Your twenties are often sold as the time to find yourself and be free. But since when did that become synonymous with being single?
‘God you’re such an old married couple’, my friend told me over coffee the other day as we sat in our favourite greasy breakfast cafe discussing our weekends. For context, I had just finished briefly explaining how my boyfriend and I had stayed in, cooked pesto pasta (best comfort food) and binge-watched season 3 of Narcos the previous Saturday night.
But for some reason, it feels as though it’s become blasphemous for women in their early twenties to be in happily committed relationships. Preferring to, or even revelling in, spending some of their time holed up with their partners and a good Netflix box set rather than in a grimy club in Brixton, navigating through a crowd of sweaty millennials has become close to sin. If this seems like an overstatement, then head to Google right now and type in three words: ‘why being single’. Here are the first ten suggested predictions: ‘is better, is good, is good for your health, sucks, is awesome, in your 20s is awesome, is the best, is bad, is important, is good for you’. I am sure that the list goes on. Only two out of ten of those are negative. It speaks multitudes that the first search suggestion is ‘why being single is better’. Since when did we stop appreciating the relative pros and cons of both, weighing them up as equal opportunities for happiness?
Why is it better? We are constantly being told that our twenties are a time for travel, for adventure, for partying, for making mistakes and – hopefully – learning from them. They’re for one-night-stands that become funny anecdotes. Your twenties are all about focusing on you. An endless, ever-growing list. One year into my first serious relationship, and I have noticed such sentiments crop up in conversations with single friends again and again. It’s tiring constantly being berated or judged for wanting to spend a significant amount of your time with your significant other and choosing to stay in with them on some nights as opposed to wing-womaning your best friend who is currently living her best life. Living your best life has never been about a one-way path to happiness; the operative word being ‘yours’. It feels at times like a double standard; I’m constantly listening to my friends tell me about their wild nights, about their troubles and personal issues yet I seem to hesitate when it comes to talking about a particularly wonderful occurrence in my own relationship, or sharing too much of my happiness. I’d rather share any relationship anecdotes with other friends in relationships rather than with my single friends – it feels more comfortable, less intrusive. Am I alone in this?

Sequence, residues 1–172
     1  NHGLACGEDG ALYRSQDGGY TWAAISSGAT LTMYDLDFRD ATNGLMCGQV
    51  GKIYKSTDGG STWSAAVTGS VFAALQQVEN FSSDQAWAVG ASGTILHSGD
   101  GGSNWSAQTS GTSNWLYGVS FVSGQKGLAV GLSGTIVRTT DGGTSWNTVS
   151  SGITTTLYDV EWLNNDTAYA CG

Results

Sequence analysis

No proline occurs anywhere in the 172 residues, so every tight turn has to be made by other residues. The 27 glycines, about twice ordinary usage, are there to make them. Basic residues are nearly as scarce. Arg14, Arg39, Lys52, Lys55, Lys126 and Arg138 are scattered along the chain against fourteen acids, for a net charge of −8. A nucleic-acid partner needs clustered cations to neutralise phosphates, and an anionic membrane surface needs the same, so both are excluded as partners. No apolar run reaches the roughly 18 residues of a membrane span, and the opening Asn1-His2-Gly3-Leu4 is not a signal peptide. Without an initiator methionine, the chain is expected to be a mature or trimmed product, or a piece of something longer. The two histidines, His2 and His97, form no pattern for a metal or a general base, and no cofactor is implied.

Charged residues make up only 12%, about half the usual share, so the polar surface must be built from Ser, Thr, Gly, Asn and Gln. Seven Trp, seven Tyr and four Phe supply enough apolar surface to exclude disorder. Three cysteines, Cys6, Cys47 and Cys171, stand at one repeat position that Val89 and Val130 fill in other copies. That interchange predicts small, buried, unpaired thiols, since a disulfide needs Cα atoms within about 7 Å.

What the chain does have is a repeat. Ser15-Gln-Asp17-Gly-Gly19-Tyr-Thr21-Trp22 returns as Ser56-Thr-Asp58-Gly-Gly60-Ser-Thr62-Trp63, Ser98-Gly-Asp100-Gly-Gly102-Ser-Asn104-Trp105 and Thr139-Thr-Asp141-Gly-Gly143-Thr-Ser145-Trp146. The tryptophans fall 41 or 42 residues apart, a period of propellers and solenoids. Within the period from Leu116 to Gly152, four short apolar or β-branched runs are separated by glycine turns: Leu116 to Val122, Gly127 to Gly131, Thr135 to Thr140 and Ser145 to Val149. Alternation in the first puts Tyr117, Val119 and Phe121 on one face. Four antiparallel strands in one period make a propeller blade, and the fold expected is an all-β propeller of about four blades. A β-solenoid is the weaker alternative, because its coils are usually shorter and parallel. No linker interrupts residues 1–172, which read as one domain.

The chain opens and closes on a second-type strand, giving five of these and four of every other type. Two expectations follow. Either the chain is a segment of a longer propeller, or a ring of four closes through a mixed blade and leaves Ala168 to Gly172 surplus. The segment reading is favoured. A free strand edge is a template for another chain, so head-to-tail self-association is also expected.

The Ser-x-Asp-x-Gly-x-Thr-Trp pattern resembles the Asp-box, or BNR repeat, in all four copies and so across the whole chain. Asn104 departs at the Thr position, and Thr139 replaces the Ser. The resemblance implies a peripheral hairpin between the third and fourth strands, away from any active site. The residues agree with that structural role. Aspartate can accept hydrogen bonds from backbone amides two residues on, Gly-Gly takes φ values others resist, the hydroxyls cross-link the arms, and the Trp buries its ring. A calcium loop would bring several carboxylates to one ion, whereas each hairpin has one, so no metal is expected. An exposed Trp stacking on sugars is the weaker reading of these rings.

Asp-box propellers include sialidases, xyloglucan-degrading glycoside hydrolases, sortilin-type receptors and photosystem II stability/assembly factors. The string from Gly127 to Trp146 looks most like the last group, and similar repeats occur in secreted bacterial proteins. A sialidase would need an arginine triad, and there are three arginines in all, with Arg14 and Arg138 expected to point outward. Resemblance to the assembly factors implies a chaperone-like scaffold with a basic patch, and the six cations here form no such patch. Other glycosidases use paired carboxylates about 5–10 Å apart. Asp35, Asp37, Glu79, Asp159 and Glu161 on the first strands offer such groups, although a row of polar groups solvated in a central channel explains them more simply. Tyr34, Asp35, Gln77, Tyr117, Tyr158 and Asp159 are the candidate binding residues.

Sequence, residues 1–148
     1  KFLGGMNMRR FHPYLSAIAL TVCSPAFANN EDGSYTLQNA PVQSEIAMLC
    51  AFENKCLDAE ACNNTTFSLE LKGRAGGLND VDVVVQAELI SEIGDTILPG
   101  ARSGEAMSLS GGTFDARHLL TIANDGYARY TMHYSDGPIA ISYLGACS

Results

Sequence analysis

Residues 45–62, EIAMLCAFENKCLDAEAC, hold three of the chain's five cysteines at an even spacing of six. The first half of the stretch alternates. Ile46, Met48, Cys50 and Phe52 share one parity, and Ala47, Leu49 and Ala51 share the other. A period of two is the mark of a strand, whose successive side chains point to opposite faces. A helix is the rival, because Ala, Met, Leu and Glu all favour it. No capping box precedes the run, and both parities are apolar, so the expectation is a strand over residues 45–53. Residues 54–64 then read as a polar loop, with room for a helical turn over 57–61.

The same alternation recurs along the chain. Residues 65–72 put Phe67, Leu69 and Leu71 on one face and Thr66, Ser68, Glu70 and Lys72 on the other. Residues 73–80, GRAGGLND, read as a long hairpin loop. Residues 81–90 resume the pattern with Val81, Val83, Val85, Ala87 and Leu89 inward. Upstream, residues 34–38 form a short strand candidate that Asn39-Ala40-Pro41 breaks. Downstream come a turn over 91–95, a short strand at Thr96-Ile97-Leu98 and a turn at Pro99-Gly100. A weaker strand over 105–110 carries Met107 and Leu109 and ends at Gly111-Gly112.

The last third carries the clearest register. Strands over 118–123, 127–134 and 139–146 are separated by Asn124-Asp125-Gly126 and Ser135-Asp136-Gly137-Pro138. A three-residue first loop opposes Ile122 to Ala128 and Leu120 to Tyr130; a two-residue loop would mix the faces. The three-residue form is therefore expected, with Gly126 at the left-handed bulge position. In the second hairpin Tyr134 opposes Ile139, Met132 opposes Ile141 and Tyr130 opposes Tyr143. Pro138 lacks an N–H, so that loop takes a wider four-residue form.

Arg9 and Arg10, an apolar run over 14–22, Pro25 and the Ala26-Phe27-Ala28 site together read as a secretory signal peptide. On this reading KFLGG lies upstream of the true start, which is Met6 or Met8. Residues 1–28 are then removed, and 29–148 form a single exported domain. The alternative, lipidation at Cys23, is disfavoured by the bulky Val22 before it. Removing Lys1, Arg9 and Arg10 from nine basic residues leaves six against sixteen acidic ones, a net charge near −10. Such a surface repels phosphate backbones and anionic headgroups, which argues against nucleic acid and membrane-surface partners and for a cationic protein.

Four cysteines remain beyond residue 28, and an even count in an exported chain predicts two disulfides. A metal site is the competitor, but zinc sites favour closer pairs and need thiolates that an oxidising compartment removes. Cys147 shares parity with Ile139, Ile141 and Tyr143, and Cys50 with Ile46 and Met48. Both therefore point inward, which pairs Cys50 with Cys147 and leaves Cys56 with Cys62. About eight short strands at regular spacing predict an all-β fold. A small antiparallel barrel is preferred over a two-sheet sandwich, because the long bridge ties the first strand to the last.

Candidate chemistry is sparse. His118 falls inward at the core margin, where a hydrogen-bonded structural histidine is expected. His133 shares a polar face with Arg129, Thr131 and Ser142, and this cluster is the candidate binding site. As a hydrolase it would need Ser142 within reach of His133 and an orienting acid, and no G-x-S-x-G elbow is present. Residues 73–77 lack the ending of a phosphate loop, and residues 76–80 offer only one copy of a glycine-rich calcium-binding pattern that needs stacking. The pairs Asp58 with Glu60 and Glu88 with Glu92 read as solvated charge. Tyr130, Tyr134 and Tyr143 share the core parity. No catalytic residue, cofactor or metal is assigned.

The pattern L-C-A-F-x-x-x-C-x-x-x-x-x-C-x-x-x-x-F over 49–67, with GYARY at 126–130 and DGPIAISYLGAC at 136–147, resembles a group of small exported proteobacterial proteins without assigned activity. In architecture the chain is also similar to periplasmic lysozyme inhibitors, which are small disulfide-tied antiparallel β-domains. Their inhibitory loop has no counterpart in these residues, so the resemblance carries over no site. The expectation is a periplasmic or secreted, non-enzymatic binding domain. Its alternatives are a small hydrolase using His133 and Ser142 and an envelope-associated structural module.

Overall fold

The process of falling in love is a beautiful and fulfilling one, in such a different way to the process of knowing how to be on your own or the typical cliche of ‘finding yourself’; the two do not need to be mutually exclusive. The stereotype of two people madly in love is that they’re joint at the hip, unable to exist separately. The reality, personally, is that I actually need a great deal of alone time in order to recharge my mental batteries; to read, to write and to simply just be by myself. At times, I can’t help but think my single friends are overlooking the fact that we in relationships are very content with being alone and doing our own thing. I choose to spend a considerable amount of my time with my partners simply because they are one of my favourite people. It’s okay if you don’t have that person, but it doesn’t limit my own self-growth and understanding.
Does it have to do with the feeling of being replaced? But the truth is that the two are so different from one another that the friendship aspect of both relationships is incomparable. I couldn’t bear the thought of fighting with my significant other, only to have no respite from my friends – and vice versa. I don’t want to find myself holding back on sharing anecdotes with some of my best friends simply because I fear coming across as condescending or smug. Even worse, I don’t want to find myself noticing that my friends only want to talk about my relationship when it is going badly. Part of me wonders if it’s a reaction to the past – a desire to get as far away as possible from the fifties notion that a woman has to be married and pregnant before she’s twenty five, or she might go ‘out of date’.
Don’t get me wrong, I’m all for Miranda’s iconic, sassy Sex and the City scene where she tells the other three that their lives do not revolve around their relationships: ‘How does it happen that four such smart women have nothing to talk about but boyfriends? It’s like seventh grade with bank accounts!’ Truer words have never been spoken. There is a time for everything: a time to talk about certain things, to spend with certain people, to do mundane tasks etc. An awareness of where the focus of any conversation lies is a basic social skill. I’m sure that there are people who go around shamelessly promoting their relationships to anyone and everyone who will listen, just as there are undoubtedly single friends who wholeheartedly love hearing about their best friends’ newfound love and contentment but on the flip side there still seems to exist a certain air of contempt and disapproval towards those in committed relationship in their twenties, as if there are better things to do and people to see. The two are not mutually exclusive. Why this pressure to bow down to the ‘fun and free’ single woman of our time? Naturally, many of the ‘Why Being Single in Your Twenties Is The Best’ compilations are a type of validation for those who are single in their twenties. But why do you need validation? The bottom line is that being single is different to being in a relationship. Not better. Not worse. Just different.
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